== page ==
[poll id="15"] See Also: Jane Kelsey on TPPA leak: sweeping restrictions on SOEs, more worries for Labour [caption id="attachment_1205" align="alignleft" width="300"] Peter Godfrey and Selwyn Manning.[/caption]
Selwyn Manning and Peter Godfrey’s Across The Ditch on FiveAA Australia – New Zealand Prime Minister Cited Over TPP Slip + Musicians Getting Poor Returns From Streaming – Recorded LIVE on 30/07/15.
New Zealand’s Prime Minister John Key has been cited by the Australian Green Party after revealing that the costs of medicines and pharmaceuticals will likely increase if the Trans Pacific Partnership is agreed to.
The TPP is entering the last stages of negotiations between 12 nations including the USA, Australia, New Zealand,,Canada, nations of South East Asia including Japan, but excluding China.
The negotiations are taking place in secret, however some chapters of the negotiations have in part been leaked.
In New Zealand there is much skepticism surrounding the said benefits of the TPP, particularly due to an understanding that countries will lose in part their sovereign right to legislate and regulate in their own interests.
Also, it is understood that the public health budget will suffer should negotiators agree to pharmaceutical corporations being able to claim intellectual property rights, and patent rights, for longer. That move will prevent Pharmac, New Zealand’s public pharmaceutical procurement entity, from being able to purchase more affordable generic medicines.
This is what the Prime Minister John Key was referring to this week. In short, Key said the Trans-Pacific Partnership (TPP) will result in longer patent lengths meaning that medicines will be more expensive for longer.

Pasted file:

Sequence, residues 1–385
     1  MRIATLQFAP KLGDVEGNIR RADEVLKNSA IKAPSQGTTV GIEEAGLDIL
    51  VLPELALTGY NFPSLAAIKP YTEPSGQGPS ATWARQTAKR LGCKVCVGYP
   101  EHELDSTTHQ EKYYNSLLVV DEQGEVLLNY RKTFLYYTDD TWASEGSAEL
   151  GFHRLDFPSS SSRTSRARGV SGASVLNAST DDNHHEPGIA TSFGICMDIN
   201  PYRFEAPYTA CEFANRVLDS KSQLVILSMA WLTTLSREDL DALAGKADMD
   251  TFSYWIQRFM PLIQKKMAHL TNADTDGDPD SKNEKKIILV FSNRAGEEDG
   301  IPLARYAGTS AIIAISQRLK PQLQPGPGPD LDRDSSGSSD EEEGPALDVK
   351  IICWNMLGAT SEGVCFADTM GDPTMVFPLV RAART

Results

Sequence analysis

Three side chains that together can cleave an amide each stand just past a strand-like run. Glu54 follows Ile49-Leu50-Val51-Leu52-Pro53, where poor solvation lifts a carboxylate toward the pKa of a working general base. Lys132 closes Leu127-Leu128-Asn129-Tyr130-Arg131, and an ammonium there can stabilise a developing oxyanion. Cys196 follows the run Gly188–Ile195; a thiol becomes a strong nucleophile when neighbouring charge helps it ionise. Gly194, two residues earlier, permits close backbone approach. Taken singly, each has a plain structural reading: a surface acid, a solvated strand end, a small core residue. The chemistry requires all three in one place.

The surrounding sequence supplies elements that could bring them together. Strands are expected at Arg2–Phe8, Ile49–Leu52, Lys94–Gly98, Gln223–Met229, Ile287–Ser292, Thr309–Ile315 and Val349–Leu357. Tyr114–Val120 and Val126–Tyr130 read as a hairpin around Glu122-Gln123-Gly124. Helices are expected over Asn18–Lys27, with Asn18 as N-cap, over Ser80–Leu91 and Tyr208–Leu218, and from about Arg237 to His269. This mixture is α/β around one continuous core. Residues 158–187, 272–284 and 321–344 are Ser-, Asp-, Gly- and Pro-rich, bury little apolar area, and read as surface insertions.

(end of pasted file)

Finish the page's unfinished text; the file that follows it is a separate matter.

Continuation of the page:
And that, is what the Australian Green Party referred to yesterday afternoon and added “It shouldn’t require a comment from the New Zealand PM for Australians to learn that the overall cost to taxpayers for medicines is going to rise due to the TPP.”
However, John Key, who wants his Government to sign up to the TPP, argues that the benefits to the country will outweigh the costs.
The medical fraternity is not pleased with the TPP. The chair of the New Zealand Medical Association, Dr Stephen Child, sought and was refused an independent assessment of what the Government’s negotiators are agreeing to in our name.
This week, Dr Child said: “We need to have a clear understanding of the possible effects of the TPPA on current and future policy settings and directions—before we are committed to such a deal.”
He added that before New Zealand commits to an agreement, we must be assured of the right to be able to protect public health, safety and the environment, through regulation or legislation should it be necessary.
“To do this we must have an independent assessment focused on these aspects,” Dr Childs said.
And globally, the United Nations Human Rights Commission has voiced its concern about the possible ‘chilling effects’ of the Investor-state-dispute settlement (ISDS) chapter in the TPPA.
The UNHRC said the regulatory functions of states—and their ability to legislate in the public interest—may have been put at risk by provisions in the TPPA chapters.
A New Zealand Herald report shows how musicians are missing out on their fair share of returns, especially from music streaming.
The Herald reported last night:
• Local band She’s So Rad earned multiple 5-star reviews for their album Tango and have two songs on A-rotate on Hauraki.
• Yet they’ve only sold a total of 20 physical CDs and 50 digital albums.
• They have had 90,000 songs streamed on Spotify, earning them $130
• Toy says: “It’s just much worse than we expected. I expected it to be bad, but this far surpasses it.”